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    1. 1. The 2 papers I cited on albedo changes do state that this is "very uncertain" with respect to the Arctic, and could even result in a decrease in albedo from sea ice expansion. A snowball earth has to start at the poles and alleged "tipping points" to progress further, hence Colose's model is making unjustified assumptions.

      2. As noted above model assumptions of a flat, stationary earth receiving 340 Wm-2 solar input instead of the physically realistic calculation using real-time differential thermal equations of a rotating spherical Earth receiving 1362 Wm-2 solar insolation. Using the correct physical description of the solar-earth system results in a huge disparity between the model output and the physics.
      = no snowball

      3. The net feedbacks are negative, all models falsely assume positive. Lindzen & Choi 2009 & 2010 ERBE observations.

      4. In addition, you haven't addressed several other points I've already made above including the assumption that CO2 comprises 20% of the GHE, which indicates climate sensitivity is only about 0.33C, the huge disparity between published modelling results for snowball Earth, negative water vapor feedback, net negative cloud feedback, etc. etc. which proves that your claim that "this is all basic stuff" is ridiculous.

      Delete
    2. 1) MS, you are claiming that the two papers rebut Lacis et al (2013). However, mere possibility does not a rebutal make. So, granted that it is possible (based on the two papers you cite) increasing or decreasing sea ice above a latitude of 60 degrees north does not change the net TOA energy imbalance, it is also possible, and in fact more probable, that it does change the net TOA energy imbalance, and changes it such that increasing sea ice increases outgoing radiation. That is a simple logical point that should not have required elaboration.

      Further, you are over interpreting the second paper, that says "that a 1% decrease in sea ice concentration leads to a 0.36–0.47% increase in cloud cover". Allowing the upper limit, that means a 1% decrease in sea ice concentration is only compensated by approximately half that coverage in increased cloud cover. Assuming the albedo of both to be the same (a reasonable approximation), that means that decreasing sea ice decreases albedo, contrary to your claim. The logic of that claim is a straight forward as 1 > 0.47; whereas your claim that the paper shows net change in TOA energy imbalance to be near zero implies that 1 is approximately equal to 0.47.

      I do not know which model is used in Lacis et al (2013), but here is a description of the GISS model IE so that you can verify my claim:
      http://pubs.giss.nasa.gov/docs/2006/2006_Schmidt_etal_1.pdf

      What is worse, in the second paper the authors explicitly discuss the impact on TOA energy imbalance, saying that:

      "The negative feedback coefficient suggests a positive feedback between sea ice and cloud cover ... the increased cloud cover, in turn, tends to trap (emit) more longwave radiation and thus warm the surface ..."

      And further on, "The updated feedback coefficients at the 90% and higher are still negative"

      So you are directly contradicting the claims in the paper based on the dubious and unsupported supposition that a 0.47% increase in cloud cover has the same albedo impact as a 1% loss in sea ice cover.

      2) No, the model does not. In fact, no GCM does, or ever has done. The simple approximation that you refer to has only ever been used in back of the envelope calculations and in (so-called) one dimensional models. What is more, nobody with the least familiarity with GCMs would make this mistake.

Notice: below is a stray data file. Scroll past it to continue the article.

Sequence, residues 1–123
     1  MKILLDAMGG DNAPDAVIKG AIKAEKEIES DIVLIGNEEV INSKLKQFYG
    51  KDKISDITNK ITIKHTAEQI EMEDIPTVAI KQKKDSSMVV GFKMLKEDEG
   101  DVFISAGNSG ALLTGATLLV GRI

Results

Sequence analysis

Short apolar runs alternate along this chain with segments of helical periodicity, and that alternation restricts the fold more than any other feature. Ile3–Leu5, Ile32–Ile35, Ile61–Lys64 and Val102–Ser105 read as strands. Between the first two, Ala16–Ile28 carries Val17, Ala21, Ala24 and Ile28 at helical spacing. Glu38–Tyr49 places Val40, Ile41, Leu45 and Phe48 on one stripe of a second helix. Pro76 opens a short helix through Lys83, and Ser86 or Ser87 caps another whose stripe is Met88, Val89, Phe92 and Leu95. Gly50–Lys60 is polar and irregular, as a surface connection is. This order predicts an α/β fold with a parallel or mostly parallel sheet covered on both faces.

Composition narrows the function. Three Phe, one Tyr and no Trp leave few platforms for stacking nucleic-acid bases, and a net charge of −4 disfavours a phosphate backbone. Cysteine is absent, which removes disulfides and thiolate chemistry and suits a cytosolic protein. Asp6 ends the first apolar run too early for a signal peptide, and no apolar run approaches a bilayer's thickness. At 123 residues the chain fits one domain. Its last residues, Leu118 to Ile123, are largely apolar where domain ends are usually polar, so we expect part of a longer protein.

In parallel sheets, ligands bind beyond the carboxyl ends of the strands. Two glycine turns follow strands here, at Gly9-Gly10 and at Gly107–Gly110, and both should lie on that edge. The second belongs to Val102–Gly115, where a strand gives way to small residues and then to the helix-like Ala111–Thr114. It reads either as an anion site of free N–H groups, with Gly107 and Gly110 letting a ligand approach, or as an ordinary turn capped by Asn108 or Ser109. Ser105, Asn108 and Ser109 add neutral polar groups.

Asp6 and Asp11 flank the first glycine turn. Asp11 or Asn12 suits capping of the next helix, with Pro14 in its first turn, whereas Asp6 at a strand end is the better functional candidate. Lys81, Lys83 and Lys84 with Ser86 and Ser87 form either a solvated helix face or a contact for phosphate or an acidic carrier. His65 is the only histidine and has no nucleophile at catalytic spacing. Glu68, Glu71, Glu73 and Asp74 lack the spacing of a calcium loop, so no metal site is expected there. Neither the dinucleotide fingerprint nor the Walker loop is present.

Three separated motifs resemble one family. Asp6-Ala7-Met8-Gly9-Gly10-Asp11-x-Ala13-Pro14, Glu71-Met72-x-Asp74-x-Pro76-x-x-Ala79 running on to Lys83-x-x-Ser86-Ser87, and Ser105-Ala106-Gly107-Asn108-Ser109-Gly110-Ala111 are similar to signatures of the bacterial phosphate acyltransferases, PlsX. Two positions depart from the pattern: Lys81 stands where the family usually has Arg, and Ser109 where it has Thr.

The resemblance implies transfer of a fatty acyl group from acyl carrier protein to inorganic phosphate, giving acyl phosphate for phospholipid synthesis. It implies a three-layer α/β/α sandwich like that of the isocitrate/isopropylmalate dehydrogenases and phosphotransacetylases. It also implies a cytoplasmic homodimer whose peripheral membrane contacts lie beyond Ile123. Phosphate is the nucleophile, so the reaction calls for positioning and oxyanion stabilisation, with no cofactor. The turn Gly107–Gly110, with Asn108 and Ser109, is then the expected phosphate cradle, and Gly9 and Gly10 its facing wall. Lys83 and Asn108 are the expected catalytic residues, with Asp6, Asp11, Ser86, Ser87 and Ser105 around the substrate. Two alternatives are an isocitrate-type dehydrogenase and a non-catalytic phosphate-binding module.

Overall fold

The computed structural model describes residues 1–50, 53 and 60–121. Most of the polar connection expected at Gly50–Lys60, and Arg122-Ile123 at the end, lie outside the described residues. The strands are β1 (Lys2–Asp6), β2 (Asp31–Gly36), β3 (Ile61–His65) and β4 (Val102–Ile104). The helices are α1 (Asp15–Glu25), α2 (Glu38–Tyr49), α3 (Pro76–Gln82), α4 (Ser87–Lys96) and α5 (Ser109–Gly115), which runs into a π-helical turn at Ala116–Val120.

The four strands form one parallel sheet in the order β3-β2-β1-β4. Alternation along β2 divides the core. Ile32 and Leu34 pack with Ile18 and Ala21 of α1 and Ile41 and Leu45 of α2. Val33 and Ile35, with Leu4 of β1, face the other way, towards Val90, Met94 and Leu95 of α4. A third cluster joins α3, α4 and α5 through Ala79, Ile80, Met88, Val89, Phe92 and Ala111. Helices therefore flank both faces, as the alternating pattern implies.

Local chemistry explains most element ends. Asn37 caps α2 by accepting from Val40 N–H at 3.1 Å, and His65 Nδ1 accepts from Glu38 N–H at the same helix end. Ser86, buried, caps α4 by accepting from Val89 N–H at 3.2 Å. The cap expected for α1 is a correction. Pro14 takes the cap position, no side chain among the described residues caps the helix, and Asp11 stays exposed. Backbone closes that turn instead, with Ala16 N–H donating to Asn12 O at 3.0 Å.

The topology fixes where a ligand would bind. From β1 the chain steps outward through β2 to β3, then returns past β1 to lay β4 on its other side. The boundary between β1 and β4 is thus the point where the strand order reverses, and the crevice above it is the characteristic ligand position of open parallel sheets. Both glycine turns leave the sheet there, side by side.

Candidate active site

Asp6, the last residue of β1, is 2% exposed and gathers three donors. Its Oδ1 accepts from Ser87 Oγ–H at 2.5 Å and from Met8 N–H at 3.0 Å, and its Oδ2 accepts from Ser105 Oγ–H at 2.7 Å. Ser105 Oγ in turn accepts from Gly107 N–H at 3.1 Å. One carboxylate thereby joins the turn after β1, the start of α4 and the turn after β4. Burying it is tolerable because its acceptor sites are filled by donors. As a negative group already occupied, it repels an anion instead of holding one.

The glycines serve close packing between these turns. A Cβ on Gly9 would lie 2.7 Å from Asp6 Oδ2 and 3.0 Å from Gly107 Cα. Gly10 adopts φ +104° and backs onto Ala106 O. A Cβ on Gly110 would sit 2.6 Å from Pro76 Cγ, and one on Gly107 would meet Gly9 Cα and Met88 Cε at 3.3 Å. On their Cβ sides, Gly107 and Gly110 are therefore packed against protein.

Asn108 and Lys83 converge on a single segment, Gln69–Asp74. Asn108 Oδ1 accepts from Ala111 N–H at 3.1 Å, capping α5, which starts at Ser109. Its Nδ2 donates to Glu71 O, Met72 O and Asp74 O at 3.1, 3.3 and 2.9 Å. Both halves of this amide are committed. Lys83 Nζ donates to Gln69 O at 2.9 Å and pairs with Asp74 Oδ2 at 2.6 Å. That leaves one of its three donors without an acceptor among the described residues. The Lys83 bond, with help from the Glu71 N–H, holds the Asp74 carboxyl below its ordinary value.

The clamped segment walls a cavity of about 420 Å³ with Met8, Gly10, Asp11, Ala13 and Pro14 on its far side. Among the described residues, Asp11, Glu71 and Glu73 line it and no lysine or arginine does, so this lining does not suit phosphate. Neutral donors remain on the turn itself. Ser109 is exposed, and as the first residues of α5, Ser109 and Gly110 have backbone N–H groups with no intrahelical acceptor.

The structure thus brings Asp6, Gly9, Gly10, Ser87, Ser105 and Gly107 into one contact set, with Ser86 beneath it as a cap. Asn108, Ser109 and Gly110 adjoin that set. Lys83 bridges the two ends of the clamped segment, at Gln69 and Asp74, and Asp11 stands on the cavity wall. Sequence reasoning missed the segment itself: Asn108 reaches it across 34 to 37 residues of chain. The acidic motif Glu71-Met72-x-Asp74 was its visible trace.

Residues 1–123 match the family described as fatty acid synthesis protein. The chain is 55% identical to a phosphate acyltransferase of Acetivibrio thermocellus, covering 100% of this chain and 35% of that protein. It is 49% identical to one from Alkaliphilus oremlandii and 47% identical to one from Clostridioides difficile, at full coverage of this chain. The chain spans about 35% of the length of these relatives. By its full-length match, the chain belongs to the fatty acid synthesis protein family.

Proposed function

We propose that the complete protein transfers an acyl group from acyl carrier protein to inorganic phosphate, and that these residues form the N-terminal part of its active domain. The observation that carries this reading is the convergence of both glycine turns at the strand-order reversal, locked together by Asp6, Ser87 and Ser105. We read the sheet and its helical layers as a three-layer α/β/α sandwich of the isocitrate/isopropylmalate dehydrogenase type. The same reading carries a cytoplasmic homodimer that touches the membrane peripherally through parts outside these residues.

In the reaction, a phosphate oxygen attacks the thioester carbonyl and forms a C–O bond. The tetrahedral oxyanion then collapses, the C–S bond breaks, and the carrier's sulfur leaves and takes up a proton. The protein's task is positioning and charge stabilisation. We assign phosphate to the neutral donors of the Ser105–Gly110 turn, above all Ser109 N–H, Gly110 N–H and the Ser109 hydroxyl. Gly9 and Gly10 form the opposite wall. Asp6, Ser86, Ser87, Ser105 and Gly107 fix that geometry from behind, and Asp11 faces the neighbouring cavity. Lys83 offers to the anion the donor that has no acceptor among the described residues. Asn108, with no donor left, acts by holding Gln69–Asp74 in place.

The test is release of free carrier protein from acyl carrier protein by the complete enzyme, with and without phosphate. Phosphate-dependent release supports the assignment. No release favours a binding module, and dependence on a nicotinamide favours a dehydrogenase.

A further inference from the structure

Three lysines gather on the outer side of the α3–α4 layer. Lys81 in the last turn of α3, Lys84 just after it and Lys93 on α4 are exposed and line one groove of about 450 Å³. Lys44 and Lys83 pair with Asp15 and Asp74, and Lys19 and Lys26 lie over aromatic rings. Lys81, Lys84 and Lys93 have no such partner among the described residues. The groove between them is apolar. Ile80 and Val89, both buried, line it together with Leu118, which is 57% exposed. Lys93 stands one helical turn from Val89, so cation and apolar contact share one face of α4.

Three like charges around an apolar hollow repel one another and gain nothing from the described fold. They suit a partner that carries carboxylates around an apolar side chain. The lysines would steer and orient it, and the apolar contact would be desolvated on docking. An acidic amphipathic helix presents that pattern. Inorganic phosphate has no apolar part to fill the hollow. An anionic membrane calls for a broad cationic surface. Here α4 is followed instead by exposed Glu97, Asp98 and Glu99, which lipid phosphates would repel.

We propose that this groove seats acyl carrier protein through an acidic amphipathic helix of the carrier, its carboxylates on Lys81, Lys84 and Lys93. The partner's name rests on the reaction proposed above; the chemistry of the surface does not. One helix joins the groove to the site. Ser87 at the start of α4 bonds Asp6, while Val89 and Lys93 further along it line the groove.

If you do not correct admit your error on this point, I will not further converse with you as you will have shown definitively that evidence does not guide your opinions.

      3) Linzden and Choi were wrong. However, there is no point discussing that with you if you are unable to admit the egregious errors you made in points (1) and (2). Nor am I interested in pursuing your gish gallop of points in (4) until you demonstrate that evidence is allowed to influence your opinion by acknowledging those errors.

      Delete
    3. Tom,

      No need to get testy, you are over-interpreting what I said with your own assumptions...let's review your so-called "egregious errors":

      1. I simply said "Colose's model is making unjustified assumptions." Colose's model assumes sea ice expansion at the poles causes an increase in albedo, which has to start first and proceed beyond alleged "tipping points" to cause a snowball. First paper says that may not be true and could be the reverse. Therefore, "Colose's model is making unjustified assumptions" is correct.

      2. "Assuming the albedo of both to be the same (a reasonable approximation), that means that decreasing sea ice decreases albedo, contrary to your claim. The logic of that claim is a straight forward as 1 > 0.47"

      Sure, 1 > .47, but 1 >>> 0, which is essentially what the 2nd paper implies is a problem with climate models. Therefore, "Colose's model is making unjustified assumptions" is correct.

      3. "the increased cloud cover, in turn, tends to trap (emit) more longwave radiation and thus warm the surface"

      Oh please, the net feedback from clouds is negative

      http://hockeyschtick.blogspot.com/search?q=net+negative+feedback+clouds

      4. Looked at the GISS paper and in fact it does show that the model does not assume the Earth rotates. It also appears to only use solar forcing "anomalies" from a solar constant. While it does calculate solar zenith/insolation values, it does not use real-time differential thermal equations of the effect of solar insolation on a rotating spherical Earth. It appears to only use annualized values instead. This makes a HUGE difference and essentially explains away all of the alleged GHE, as has been demonstrated by Joe Postma and others time and again. Also explains another reason why CO2 cannot cause a snowball.